The story wastes little time in hurling Tomatsu out into the wild to witness the renowned Toriko for himself. During his encounter with the gourmet hunter, he witnesses the man fishing with a grasshopper the size of a school bus, scarfing down a cooler of animals near-whole, then washing it down with a bottle of bourbon that he 'opens' by slicing off the bottom with his finger before topping off his casual dining experience by smoking a tree branch cigar-style.

The methods Toriko uses to defeat and capture his prey crosses the border of ridiculous in similar fashion. His signature attack is the ‘fork and knife’ where he first stabs the target through with one hand and then cuts them clean in half with the other. While it may not sound completely out there at first, put him against a creature twenty times his size and covered in scales, teeth and fur and you have yourself a much more unique, if not hilarious, image. From taking on huge beasts with his bare hands to using his hand like the world's sharpest slicing instrument, Toriko is a force to be reckoned with that takes anyone's requirement to suspend belief to a special level. Tomatsu responds in pretty believable fashion, both awestruck and dumbfounded, and scared half to death to bladder-loss degrees.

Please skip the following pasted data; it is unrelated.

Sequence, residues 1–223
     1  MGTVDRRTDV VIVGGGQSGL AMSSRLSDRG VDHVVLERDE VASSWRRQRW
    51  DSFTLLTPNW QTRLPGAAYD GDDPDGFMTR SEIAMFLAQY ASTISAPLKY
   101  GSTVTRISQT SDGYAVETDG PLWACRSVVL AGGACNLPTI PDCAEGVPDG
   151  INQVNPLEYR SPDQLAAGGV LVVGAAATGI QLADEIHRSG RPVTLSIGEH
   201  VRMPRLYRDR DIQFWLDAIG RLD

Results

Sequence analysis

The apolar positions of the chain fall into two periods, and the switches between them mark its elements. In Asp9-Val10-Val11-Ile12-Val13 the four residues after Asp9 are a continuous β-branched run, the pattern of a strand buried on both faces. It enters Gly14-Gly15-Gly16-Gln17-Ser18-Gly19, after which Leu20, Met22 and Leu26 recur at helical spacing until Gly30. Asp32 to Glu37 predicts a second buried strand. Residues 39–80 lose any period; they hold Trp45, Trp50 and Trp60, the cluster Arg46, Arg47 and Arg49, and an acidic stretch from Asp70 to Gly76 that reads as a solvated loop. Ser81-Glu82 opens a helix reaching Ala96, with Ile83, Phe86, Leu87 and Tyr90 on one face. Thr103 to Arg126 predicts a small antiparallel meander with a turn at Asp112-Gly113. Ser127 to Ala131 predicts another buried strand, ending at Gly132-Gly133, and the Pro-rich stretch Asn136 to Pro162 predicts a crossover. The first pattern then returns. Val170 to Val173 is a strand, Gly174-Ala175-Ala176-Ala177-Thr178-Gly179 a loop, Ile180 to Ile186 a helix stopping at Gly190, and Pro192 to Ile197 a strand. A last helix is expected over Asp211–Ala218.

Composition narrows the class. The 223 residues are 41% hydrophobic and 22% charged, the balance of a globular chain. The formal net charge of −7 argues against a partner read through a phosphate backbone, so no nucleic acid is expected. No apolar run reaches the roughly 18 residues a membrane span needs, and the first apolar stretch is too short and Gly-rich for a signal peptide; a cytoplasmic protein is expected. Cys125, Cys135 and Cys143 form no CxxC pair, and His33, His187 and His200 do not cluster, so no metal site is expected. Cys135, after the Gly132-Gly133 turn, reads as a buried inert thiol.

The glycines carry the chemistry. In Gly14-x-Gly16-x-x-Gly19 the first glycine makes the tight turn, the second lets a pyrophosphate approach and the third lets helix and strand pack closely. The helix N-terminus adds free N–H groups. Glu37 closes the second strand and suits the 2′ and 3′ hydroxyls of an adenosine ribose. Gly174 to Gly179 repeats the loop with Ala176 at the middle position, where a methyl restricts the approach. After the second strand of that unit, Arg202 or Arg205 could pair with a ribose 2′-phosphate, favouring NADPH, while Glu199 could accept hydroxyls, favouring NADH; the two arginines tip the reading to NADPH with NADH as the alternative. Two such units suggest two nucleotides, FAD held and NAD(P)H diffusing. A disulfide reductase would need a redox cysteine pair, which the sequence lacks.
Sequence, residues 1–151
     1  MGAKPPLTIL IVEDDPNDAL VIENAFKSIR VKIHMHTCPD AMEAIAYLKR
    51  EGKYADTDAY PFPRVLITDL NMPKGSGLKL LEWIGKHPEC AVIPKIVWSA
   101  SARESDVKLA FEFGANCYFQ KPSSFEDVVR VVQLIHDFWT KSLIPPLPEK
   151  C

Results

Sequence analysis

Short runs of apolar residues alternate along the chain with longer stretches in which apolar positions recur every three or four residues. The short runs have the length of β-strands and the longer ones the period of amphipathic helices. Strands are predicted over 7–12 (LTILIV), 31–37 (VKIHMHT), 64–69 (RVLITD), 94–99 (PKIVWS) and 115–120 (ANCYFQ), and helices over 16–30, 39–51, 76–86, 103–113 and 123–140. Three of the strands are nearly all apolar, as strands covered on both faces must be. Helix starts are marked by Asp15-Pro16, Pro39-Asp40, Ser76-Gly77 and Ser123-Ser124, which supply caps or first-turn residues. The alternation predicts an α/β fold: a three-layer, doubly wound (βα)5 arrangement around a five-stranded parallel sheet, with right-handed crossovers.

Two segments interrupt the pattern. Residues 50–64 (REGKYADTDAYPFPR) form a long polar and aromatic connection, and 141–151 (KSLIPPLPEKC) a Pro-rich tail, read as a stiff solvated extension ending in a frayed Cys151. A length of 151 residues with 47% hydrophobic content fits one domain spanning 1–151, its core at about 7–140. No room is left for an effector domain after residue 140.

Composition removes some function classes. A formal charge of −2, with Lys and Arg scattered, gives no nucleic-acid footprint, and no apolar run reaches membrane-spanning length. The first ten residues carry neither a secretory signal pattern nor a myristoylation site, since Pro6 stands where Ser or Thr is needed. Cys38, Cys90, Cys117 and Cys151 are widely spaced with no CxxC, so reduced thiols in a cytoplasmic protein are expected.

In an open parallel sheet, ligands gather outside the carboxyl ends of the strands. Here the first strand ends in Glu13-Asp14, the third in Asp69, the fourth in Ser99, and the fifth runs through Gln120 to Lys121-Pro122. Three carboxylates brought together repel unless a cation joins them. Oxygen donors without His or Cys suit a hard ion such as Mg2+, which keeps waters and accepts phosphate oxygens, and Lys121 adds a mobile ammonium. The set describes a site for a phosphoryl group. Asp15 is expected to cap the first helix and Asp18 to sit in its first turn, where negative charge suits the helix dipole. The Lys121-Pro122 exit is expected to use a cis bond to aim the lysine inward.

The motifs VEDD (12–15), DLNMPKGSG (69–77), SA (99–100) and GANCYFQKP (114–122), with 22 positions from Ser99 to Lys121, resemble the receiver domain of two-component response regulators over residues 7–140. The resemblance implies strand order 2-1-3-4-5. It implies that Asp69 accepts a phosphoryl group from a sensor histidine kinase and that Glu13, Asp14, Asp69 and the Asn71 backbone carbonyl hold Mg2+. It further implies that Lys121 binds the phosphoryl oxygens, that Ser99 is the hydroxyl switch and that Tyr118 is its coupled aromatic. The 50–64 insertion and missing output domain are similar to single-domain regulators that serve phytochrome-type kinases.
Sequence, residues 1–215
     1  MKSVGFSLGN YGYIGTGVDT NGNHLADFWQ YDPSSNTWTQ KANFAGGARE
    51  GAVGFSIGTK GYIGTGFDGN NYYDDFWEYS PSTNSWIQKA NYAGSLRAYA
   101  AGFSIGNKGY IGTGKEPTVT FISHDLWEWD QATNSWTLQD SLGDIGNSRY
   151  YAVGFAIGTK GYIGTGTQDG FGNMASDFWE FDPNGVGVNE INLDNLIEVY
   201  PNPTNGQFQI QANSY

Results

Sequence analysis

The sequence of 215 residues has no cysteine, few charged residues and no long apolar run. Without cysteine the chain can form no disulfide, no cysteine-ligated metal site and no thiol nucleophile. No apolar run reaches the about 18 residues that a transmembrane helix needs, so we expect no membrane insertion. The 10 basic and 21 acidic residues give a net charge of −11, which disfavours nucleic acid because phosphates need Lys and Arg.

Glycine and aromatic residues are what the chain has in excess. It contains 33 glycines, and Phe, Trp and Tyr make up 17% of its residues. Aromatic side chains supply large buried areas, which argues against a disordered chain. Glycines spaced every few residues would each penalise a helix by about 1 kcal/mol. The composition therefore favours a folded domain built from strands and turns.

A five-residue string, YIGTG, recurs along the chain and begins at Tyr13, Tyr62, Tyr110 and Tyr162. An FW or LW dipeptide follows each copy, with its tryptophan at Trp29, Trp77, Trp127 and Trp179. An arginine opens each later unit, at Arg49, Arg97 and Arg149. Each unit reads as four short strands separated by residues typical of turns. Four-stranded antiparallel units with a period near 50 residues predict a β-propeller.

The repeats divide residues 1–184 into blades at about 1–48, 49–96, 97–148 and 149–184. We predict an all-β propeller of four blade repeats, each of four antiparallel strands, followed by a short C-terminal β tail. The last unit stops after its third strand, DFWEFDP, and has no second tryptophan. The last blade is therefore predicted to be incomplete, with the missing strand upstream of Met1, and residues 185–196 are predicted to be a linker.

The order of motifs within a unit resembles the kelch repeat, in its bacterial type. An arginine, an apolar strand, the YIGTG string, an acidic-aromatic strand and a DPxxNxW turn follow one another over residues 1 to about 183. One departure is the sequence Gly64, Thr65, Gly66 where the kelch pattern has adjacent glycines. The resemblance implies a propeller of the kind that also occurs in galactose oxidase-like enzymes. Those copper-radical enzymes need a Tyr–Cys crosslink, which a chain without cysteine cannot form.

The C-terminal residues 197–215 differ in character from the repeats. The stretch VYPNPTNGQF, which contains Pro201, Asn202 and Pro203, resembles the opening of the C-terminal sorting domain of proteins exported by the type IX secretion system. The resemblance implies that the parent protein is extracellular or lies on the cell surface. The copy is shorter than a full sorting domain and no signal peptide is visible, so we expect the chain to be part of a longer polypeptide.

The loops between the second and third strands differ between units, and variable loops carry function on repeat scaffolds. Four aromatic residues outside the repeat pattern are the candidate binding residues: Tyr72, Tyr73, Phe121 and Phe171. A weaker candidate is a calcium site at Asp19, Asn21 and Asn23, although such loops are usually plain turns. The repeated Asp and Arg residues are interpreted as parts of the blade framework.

Their first expedition together leads them to enter an especially dangerous part of the world – which in itself is a pseudo-Earth populated by both humans and massive Jurassic creatures – called the Baron Archipelo. Their goal in this place is to find a rumored creature said to have lived for over 300 years. Toriko drools at the thought of how succulent its meat has become while simultaneously realizing what the out of balance ecosystem suggests. From giant leeches to the wild assortment of crazy creatures they encounter, this opening arc finishes with a Toriko-versus-Gator fight that really sets the tone for the series to follow. And it's a weird one.

In order to sustain his strength, and cinch-hold his role as a shonen hero-type, Toriko eats ravenously including living in a house made of food. At least his seemingly insatiable appetite fits with his profession as a gourmet chef hunter and his love of good directly ties to his goal to create the ultimate menu (whether to the benefit of him or others remains to be seen). The pleasure he takes in food is an infectious part of the story, and despite the situations in which he partakes of these embellishments, many readers will still finish the volume hungry – though likely not for the same food being consumed there anyway. Still it's interesting that the story's setting is home to such a vast assortment of crazy creatures and species leaving us only to guess how they'd taste while still being affected by the character's enjoyment of them. We have to assume they're pretty darn good though, if characters' reactions and willingness to hunt them kamikaze-style in the first place is any indication.